What to eat in a crisis situation?
The popular theory of "threes" is that a person is able to survive:
- 3 minutes without oxygen,
- 3 days without water,
- 3 weeks without food.
While the first two points are indisputable, it is worth considering the third. Can we really survive that long without any food?
We will not starve at this time, here is full consent, but only because earlier we will be killed by the lack of strength to act, irritation, apathy and a drop in perception that prevents us from operating effectively in a random field.
In order to function properly while resting, an adult needs to consume a daily food with an energy value of 2040 kcal. This value increases to about 3500 kcal with increased effort, e.g. during multi-day exploration of wild terrain. Calories alone are not enough, however. Equally important is a properly balanced diet that contains not only the right amount of carbohydrates, fat and protein, but also minerals, trace elements and vitamins. You cannot limit yourself to just one type of food.
Plants commonly found in our climate, allowing to enrich food poor in nutrients:
- oak acorns - rinse them in water with wood ash, and then cook them. They contain carbohydrates, fats and proteins,
- burdock - the root and stems are edible. It is best to cook them before eating,
- broadleaf cattail (water cattail) - rhizomes are edible, they can be eaten raw,
- wild, easily recognizable fruits, e.g. blackberries, raspberries, blueberries, wild strawberries,
- nettle - stops burning after cooking. It contains a lot of iron,
- wild garlic - has a pungent smell. Leaves, flowers and bulbs can be eaten raw,
- hawthorn - small red fruits are edible,
- sorrel - leaves can be eaten raw.
The main building block of our muscles is protein, the richest source of which is meat, but it is difficult to get it, because it is associated with the earlier acquisition of hunting skills. One of them is setting traps.
In the wild it is much easier to catch a fish than to hunt an animal. A line and a hook are enough for this, which should be part of an individual survival package. A stick cut from hazel can serve as a bit, and beetle larvae found in fallen tree trunks can be used as bait. These also provide a substantial source of protein. They can be eaten raw, boiled, or baked. Fish caught first must be gutted by removing the insides and then boiled or baked over a fire.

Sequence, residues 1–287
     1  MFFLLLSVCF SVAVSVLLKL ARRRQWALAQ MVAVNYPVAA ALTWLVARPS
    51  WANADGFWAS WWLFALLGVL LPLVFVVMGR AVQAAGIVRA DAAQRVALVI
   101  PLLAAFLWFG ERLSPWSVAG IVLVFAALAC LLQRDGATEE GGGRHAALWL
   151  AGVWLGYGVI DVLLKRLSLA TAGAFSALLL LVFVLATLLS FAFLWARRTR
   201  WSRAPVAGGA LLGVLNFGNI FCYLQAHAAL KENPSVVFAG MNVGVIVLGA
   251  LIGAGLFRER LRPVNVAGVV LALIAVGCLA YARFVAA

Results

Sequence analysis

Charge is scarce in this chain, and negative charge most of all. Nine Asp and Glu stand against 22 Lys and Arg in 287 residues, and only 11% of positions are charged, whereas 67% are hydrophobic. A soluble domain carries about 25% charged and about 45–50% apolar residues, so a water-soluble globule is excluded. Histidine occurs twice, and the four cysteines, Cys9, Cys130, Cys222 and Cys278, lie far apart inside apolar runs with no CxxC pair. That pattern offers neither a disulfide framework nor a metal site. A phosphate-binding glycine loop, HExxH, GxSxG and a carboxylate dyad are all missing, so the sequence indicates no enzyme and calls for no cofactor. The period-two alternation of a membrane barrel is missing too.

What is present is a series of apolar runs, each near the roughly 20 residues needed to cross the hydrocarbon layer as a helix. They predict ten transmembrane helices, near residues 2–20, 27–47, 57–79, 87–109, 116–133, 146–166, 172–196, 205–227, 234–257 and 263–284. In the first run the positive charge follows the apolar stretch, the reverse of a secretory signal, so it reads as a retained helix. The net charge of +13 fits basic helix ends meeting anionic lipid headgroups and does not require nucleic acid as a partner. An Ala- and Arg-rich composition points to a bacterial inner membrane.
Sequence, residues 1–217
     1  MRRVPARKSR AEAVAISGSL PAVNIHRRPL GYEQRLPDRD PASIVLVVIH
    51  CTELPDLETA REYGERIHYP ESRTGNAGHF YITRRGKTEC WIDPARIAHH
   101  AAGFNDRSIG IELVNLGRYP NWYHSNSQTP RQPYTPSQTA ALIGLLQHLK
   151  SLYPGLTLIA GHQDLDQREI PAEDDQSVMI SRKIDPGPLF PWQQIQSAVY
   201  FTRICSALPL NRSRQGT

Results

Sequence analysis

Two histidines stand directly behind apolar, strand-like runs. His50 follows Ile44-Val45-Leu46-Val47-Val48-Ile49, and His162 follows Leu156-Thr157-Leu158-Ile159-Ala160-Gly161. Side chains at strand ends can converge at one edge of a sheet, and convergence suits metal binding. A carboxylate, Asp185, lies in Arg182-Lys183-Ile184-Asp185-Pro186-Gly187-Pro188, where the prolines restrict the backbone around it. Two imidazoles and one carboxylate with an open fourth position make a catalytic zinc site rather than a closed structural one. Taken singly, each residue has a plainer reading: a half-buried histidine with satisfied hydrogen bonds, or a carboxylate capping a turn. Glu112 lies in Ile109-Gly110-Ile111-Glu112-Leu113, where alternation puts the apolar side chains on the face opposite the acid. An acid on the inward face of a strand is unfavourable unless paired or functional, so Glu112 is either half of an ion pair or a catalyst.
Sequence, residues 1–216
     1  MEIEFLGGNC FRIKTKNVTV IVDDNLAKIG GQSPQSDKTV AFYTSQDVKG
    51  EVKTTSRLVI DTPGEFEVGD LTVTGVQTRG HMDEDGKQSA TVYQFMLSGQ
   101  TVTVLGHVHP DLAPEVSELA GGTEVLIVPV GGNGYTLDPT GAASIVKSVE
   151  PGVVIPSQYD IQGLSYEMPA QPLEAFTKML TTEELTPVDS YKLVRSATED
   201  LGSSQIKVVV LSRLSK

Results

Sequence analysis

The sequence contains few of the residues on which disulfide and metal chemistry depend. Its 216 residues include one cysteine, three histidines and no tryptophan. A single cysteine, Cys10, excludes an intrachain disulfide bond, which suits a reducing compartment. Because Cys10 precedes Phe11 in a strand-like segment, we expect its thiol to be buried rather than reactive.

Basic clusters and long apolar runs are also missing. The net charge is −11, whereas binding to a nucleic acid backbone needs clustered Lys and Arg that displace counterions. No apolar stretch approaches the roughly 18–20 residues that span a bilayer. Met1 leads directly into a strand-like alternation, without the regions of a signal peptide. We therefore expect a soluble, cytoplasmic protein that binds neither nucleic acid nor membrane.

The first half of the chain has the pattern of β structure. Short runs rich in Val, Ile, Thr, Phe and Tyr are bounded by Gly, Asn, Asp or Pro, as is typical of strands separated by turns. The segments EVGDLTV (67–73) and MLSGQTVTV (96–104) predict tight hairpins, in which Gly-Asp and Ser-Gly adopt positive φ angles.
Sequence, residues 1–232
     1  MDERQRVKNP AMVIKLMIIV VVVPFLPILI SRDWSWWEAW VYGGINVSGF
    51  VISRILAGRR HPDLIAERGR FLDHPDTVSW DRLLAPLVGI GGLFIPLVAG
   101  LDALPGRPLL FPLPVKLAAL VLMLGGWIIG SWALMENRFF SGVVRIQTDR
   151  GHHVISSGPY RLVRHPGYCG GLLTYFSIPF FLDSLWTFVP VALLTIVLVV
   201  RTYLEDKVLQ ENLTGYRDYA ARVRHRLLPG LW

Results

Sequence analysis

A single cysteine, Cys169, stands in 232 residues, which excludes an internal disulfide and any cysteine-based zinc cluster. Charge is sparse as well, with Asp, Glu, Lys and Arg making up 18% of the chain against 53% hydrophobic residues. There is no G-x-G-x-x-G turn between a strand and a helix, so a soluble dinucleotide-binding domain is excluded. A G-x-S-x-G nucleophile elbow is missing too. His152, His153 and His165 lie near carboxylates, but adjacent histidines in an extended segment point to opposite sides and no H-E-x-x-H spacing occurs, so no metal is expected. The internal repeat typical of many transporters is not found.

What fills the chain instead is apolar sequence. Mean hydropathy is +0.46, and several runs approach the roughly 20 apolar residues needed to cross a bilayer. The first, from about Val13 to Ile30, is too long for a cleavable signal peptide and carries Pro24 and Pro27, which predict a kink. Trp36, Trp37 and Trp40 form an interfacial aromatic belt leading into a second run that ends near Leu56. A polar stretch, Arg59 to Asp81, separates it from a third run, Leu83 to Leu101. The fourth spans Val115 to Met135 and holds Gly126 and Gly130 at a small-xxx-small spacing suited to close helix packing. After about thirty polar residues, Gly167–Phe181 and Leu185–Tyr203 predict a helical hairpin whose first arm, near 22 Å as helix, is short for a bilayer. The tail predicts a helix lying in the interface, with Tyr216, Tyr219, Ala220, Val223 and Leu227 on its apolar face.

Other unconventional food sources available in temperate climates:
- insects - ants, beetles, bees, wasps, grasshoppers, crickets. Before consumption, get rid of hard-to-digest fragments such as wings, shells, legs,
- snails and earthworms - contain large amounts of easily digestible protein. They need to be cooked, removing the insides beforehand,
- mushrooms - contain protein. It is not recommended to collect them in case of any doubts related to the identification of a given species. Some of them are highly poisonous,
- nuts: walnuts, hazel, beech, pine seeds, oak acorns.
If you are unsure whether the found fruit or plant is edible, then there is a simple food suitability test. It is taught in special units all over the world. However, I would like to point out that the method is not 100% certain and should only be used in real crisis situations.
Follow the steps in the order presented. In the event of adverse reactions, terminate the test.
1. Smell the test plant. If it smells of bitter almonds, it is a sign that it contains hydrogen cyanide and is unfit for consumption.
2. Squeeze some juice onto the inside of your wrist, wait a few hours. If the skin starts to sting, redness or blisters appear, the plant should be discarded. Otherwise, continue with the test.
3. Squeeze a little juice onto the lips and tongue in turn. In case of burning sensation, discard the plant.
4. Eat a very small piece and wait a few hours.
In the absence of undesirable effects, the plant can be considered edible.
Author: Kajetan Adventurer Wilczyński